AP Images

Helicopter carrying WWE exec makes emergency ocean landing

Leave a comment

GILGO BEACH, N.Y. (AP) The son of World Wrestling Entertainment CEO Vince McMahon has been rescued unhurt from a helicopter that made an emergency landing in the ocean waters off New York.

Shane McMahon was the passenger in the Robinson R 44 helicopter that came down in the Atlantic Ocean off Long Island’s Gilgo Beach late Wednesday morning. The red aircraft could be seen bobbing on its bright yellow pontoons as small boats circled.

Shane McMahon is also a WWE executive. His mother is Linda McMahon, who heads the Small Business Administration in President Donald Trump’s White House.

The Federal Aviation Administration says the helicopter had taken off from Westchester County Airport in White Plains. The pilot issued a mayday call before going into the water.

It’s not yet clear what went wrong.

Tag is now a professional sport and it’s kind of awesome

@worldchasetag
Leave a comment

Playing tag is probably one of the most common activities played during elementary school recess. Chasing each other around asphalt playgrounds in a game of tag is simple and, frankly, quite a work out. But now this simple sport is becoming a social-media craze thanks to World Chase Tag.

The organization describes chase tag as “High Intensity Interval training (HIIT), that’s great for aerobic fitness, agility, balance and core strength.”

World Chase Tag has their own set of rules and terminology for different types of matches, whether it’s a Chase Tag Team Chase Off, Chase Tag Multiplayer or Chase Tag Chase Off.

In a game of cat-and-mouse, two people chase after each other in a spotlit arena with obstacles like platforms and bars. Athletes run, jump and slide in attempt to either chase or run away from the other while crowds cheer on from the sidelines.

World Chase Tag meet ups have taken place in several countries like London, India and Japan, and prize money is even offered to the two athletes with the best chase (based on viewer voting).

Who said recess games are only for kids?

 

 

Mike from Montclair on Chris Christie: It was like a boxing match

AP
1 Comment

New Jersey Governor Chris Christie’s audition for Mike Francesa’s spot on WFAN was a roller coaster Monday, featuring the Knicks, the Yankees and a little bit of politics.

After listening to Christie, longtime caller Mike Goldstein, better known as Mike from Montclair, had enough sports talk. He picked up the phone, dialed the radio station and informed the call-screener he wanted to talk about Aaron Judge and the Yankees.

In reality, Goldstein intended to respectfully confront the governor about utilizing the governor’s mansion on Island Beach State Park over July 4th, but Christie’s response to another caller sparked Mike’s outrage.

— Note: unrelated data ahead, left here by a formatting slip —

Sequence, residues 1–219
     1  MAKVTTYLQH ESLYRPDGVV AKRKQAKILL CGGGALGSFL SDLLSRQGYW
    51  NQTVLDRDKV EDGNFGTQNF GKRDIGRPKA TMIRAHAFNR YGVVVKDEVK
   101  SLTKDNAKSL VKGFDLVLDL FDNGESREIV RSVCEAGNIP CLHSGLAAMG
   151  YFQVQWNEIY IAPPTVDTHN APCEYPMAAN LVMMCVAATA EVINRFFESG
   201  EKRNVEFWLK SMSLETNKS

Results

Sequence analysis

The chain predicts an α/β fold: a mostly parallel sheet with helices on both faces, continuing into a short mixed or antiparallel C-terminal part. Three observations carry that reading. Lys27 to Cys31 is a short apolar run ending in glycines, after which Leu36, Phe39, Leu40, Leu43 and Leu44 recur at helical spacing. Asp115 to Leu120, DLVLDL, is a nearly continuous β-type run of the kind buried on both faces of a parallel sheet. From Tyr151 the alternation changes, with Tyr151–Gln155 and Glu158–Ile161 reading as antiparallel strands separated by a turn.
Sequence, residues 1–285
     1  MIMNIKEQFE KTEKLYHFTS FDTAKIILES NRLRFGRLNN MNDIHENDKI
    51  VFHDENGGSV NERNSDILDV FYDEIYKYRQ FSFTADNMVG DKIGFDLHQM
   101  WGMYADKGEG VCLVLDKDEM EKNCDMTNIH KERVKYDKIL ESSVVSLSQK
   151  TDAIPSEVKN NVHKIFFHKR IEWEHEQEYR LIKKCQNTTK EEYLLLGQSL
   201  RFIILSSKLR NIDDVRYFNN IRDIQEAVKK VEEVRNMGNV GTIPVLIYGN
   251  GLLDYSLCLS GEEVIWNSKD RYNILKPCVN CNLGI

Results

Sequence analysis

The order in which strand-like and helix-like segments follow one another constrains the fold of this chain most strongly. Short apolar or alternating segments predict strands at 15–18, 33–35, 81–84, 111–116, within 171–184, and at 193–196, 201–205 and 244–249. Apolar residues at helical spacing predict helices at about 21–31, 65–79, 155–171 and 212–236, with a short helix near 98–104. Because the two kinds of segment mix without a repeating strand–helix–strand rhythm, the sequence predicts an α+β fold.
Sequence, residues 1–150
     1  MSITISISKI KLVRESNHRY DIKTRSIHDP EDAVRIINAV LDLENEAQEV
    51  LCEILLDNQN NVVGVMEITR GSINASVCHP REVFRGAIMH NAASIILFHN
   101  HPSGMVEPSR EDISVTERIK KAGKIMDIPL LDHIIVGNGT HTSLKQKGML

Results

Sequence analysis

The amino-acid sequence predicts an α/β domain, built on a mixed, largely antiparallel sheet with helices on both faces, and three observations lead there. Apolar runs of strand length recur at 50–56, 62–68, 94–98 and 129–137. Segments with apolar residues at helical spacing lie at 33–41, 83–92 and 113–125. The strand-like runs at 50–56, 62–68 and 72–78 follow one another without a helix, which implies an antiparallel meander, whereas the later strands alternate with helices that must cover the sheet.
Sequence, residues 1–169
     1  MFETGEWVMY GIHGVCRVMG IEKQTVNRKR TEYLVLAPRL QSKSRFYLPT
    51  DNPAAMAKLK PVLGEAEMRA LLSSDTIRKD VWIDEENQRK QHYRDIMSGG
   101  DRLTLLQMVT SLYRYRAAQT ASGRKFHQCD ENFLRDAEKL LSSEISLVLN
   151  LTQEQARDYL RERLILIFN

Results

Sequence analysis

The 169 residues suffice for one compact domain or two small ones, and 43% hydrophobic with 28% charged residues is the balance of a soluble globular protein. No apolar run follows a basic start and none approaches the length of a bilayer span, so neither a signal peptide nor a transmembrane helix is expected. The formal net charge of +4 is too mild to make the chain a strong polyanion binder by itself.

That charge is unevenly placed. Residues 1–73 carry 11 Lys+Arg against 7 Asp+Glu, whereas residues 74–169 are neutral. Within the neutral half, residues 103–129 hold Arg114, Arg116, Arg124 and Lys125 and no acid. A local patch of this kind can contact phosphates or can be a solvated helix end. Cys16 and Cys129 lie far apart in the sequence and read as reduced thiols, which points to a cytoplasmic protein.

“That’s good,” Christie said to caller named John from Montclair after he said that the governor had done a horrible job. “You lost twice, John. That shows how much you matter. You went 0-2.”

“I really want to emphasize this: He tried to embarrass the guy before me. And I was not going to let that happen to me,” Goldstein told NBC Sports Tuesday. “I was going to fight fire with fire.”

Here is what Goldstein said to the governor:

“Governor, next time you want to sit on a beach that is closed to the entire world except you, you put your fat ass in a car and go to one that’s open to all your constituents, not just you and yours.”

“It’s like being in a boxing match and I stunned him. Once he got his footing back, I knew he would come back at me. It went exactly as I expected it to go. I didn’t expect him to call me a communist… I definitely jarred him.”

The Governor’s office did not respond to a request for comment.

Goldstein, who has been a Montclair resident for nearly 30 years, said the only thing that really surprised him was that Christie essentially called Montclair a communist town.

“Let’s be honest, you don’t get a chance very often, if ever, to go call him out. (Christie) controls everything at these town halls and it’s not often that John Q. Public can stand toe-to-toe with him and call him out to his face, so when you have the opportunity to do it, which I had yesterday, I took it.

“People are so polarized about politics. They feel so strongly about them and have strong opinions. It’s more emotional than it used to be. It’s like a lightning rod. When you can challenge a politician and call him out, I think people like that.”

While a lot of people have strong feelings about politics, Goldstein says that sports-talk radio is fun to him.

“I’m happy that he came back at me. That’s what makes talk radio fun. That’s what it is to men … You get into arguments, you hang up the phone and then the day goes on.”